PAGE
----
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"God Bless America!' _ right?

Advocates for the separation of church and state are expressing alarm about what they view as a blurring of constitutional lines in the religious fervor that has followed the Sept. 11 attacks.

They point, for instance, to the president's declaration of a National Day of Prayer and a House of Representatives' nonbinding resolution advocating the display of "God Bless America" signs in public schools. If groups such as theirs are not vigilant, advocates say, America could find itself under the control of religious extremists similar to the Taliban, whose radical Islamic beliefs subjugate the people of Afghanistan.

Consider, they say, evangelists such as the Revs. Jerry Falwell and Pat Robertson. Speaking on Robertson's television program, The 700 Club, shortly after the September tragedy, Falwell said the attacks reflected God's wrath at the American Civil Liberties Union, abortion providers, gay rights supporters and federal judges who banned school prayer. He has since apologized. The incident, though, has not been forgotten by groups such as Americans United for Separation of Church and State, who continue to denounce both Falwell and Robertson weeks later.

"If they were in control, if they represented a majority view of Christians, we'd have a Taliban-like government, run under the Bible, under biblical law. That's the reason why we must continue to be vigilant to uphold the vision of our founders for church-state separation," said Sidney M. Goetz, a retired lawyer and president of the South Pinellas County Chapter of Americans United for Separation of Church and State.

Falwell, Robertson and their followers "are America's mirror image of the Taliban," said the Rev. Harry B. Parrott Jr., a board member of the South Pinellas County Chapter.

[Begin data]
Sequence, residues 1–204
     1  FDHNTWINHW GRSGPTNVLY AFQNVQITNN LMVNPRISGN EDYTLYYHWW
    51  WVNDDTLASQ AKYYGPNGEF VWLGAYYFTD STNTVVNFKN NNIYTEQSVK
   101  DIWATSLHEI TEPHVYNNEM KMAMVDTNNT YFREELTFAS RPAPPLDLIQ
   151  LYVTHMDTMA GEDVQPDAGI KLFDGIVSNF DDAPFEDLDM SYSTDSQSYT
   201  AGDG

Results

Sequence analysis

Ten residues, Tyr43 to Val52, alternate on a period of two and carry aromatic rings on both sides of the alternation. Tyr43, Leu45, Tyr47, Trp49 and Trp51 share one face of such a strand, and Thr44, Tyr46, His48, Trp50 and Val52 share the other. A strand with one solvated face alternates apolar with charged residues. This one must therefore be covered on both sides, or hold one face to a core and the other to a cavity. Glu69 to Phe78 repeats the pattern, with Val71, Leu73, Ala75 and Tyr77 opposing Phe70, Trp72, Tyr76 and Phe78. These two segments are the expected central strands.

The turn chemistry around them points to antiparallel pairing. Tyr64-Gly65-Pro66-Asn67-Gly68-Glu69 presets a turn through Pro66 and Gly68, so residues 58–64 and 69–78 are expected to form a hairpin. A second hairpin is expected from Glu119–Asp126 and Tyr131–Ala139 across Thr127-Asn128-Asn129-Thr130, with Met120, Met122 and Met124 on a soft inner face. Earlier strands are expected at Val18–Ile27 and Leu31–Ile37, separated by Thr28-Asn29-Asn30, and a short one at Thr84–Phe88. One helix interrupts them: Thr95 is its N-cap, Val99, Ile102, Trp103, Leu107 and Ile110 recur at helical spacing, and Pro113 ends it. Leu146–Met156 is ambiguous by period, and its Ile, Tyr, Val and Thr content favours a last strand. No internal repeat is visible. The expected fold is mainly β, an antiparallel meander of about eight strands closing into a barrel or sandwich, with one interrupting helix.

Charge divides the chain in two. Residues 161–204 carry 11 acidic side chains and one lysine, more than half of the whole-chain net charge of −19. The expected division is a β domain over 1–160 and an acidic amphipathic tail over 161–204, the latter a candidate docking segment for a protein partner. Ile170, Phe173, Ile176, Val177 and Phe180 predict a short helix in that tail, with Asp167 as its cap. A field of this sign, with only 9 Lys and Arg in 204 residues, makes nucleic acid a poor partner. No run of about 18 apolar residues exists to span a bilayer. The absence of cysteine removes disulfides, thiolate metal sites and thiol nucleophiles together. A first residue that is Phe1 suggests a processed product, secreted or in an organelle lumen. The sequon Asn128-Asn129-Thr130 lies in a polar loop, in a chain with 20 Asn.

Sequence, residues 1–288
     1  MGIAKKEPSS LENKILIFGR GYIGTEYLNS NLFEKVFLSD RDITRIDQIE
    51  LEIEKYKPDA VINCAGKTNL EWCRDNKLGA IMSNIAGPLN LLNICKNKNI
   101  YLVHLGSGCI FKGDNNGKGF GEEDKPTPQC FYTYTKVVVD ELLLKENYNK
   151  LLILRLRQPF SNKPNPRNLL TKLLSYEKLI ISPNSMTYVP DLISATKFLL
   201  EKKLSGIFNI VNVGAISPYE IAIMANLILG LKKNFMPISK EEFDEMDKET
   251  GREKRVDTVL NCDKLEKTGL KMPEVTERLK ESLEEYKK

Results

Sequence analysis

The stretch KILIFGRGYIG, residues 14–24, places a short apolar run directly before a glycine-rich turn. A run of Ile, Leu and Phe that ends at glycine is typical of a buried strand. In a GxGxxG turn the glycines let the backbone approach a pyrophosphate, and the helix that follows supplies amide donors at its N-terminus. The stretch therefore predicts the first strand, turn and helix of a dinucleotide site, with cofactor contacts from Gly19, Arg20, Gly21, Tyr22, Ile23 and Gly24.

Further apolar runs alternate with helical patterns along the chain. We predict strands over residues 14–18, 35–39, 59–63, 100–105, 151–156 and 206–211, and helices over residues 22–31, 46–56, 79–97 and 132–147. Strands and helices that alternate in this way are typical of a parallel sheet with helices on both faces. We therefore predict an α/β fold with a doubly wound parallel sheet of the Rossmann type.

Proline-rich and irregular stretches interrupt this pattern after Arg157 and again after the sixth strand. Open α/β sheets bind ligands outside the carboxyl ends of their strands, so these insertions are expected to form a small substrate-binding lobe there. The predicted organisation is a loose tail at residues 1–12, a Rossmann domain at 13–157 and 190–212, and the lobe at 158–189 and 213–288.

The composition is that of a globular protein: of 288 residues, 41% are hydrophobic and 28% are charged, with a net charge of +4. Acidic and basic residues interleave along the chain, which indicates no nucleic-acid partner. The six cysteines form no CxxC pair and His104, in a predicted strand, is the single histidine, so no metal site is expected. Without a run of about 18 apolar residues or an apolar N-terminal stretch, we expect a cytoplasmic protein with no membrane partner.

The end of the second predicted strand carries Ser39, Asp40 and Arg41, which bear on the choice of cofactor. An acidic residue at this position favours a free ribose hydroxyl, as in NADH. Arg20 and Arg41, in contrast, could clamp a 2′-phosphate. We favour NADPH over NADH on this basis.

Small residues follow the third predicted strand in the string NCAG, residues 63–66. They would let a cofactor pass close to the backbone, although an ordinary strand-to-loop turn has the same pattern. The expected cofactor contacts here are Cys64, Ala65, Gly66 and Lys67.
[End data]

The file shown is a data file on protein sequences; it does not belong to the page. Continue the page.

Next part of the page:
"The one difference is that the Taliban has seized power and America's fundamentalists are still trying to," said Parrot, who retired recently as pastor of the American Baptist Church of the Beatitudes, 2812 Eighth St. N, in St. Petersburg.

Similar sentiments were expressed last Saturday, when the Rev. Barry W. Lynn, executive director of Americans United, which is based in Washington, D.C., spoke to members of six of the organization's Florida west coast chapters.

The constitutional principles of religious freedom and church-state separation "stand in sharp contrast to the conduct of those against whom the president has declared a new kind of war," Lynn, 53, told the audience crowded into a meeting room at the Pinellas Park Library, 7770 52nd St. N.

In the days immediately after the attack, Lynn said he had been pleasantly surprised that those constitutional principles were being respected.

"Congress passed, for example, two days after the attack, a Day of Mourning and National Unity proclamation, not a Day of Prayer, the formulation that they usually turn to whenever there's a national crisis, whenever they want a moment of official piety," said Lynn, who also is an attorney and an ordained minister with the United Church of Christ.

"There was no grandstanding in the first few weeks about a constitutional amendment to bring prayer back to the schools. There was no mandate to post the Ten Commandments in every airport . . . no voucher plans to subsidize taxi rides to the place of worship of your choice. . . . None of those things happened."

Those early days of restraint, though, gave way to what Lynn called "civil religion" and described as "an uneasy merger of patriotism and patriotic symbols with religious doctrines and religious symbols."

An example was President Bush's proclamation of a National Day of Prayer, Lynn said.

"The framers of our Constitution," he said, "never understood that it was the role of politicians to tell us what day to pray or on what day we ought to pray particularly hard."